Colombia armed groups turn forcibly recruited children into 'war machines': government

By Luis Jaime Acosta

BOGOTA (Reuters) - Illegal armed groups in Colombia are using forcibly recruited children and adolescents as "war machines" and sexual slaves amid ongoing internal conflict in the country, the government said on Friday.

Violence in Colombia fell after a 2016 peace deal with its largest rebel group, the Revolutionary Armed Forces of Colombia (FARC), but still-active guerrillas and crime gangs continue to target minors for recruitment.

"This crime must be abolished," said President Ivan Duque at an event commemorating the international convention that prohibits the use of children in armed conflicts. "One of the greatest tragedies humanity has seen is the recruitment of minors."

Armed groups convert children into "war machines, leading them to the cruelty of extinguishing another life, of being used as human shields for criminal leaders and also being used as sexual slaves for the same commanders," Duque said.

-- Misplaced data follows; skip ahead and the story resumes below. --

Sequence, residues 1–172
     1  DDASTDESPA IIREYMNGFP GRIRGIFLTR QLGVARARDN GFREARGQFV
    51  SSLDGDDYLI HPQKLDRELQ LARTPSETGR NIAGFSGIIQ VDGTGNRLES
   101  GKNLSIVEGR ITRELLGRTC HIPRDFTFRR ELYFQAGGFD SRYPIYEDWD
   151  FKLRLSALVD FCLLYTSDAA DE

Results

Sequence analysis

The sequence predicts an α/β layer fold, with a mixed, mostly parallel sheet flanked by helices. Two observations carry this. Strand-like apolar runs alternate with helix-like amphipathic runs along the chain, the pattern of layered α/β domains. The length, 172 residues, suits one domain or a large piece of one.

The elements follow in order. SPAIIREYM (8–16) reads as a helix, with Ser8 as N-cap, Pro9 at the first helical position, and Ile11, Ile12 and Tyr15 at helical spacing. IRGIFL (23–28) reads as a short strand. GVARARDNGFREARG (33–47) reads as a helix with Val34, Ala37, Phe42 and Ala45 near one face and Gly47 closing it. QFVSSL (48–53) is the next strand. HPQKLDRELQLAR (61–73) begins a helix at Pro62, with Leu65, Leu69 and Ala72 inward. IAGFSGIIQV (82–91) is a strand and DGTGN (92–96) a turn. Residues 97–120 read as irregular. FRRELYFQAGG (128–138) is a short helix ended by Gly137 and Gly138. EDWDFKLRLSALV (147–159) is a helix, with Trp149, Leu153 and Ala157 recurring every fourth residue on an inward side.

Between 2018 and 2020, 313 children and adolescents were forcibly recruited, according to the government's unit responsible for registering victims. Recruitment figures fell 53% in 2020 compared with 2019, when there was a 30% reduction from 2018.

Some children were recruited at as young as six, but 96% were between 12 and 17 years old when they were enlisted, official figures showed. In the last three years 520 minors have left armed groups.

The National Liberation Army (ELN) rebels, former FARC fighters who reject the peace deal and crime gangs founded by right-wing ex-paramilitaries are all guilty of child recruitment, the government says.

In some areas - including the Pacific city of Buenaventura, where recent gang violence has led to protests and demands for government help - recruitment is made easier by poverty and lack of educational and work opportunities for youth.

Between 1985 and 2020 over 7,400 Colombian minors were forcibly recruited, and around 16,000 children were killed in the conflict.

(Reporting by Luis Jaime Acosta; Writing by Julia Symmes Cobb; Editing by Steve Orlofsky)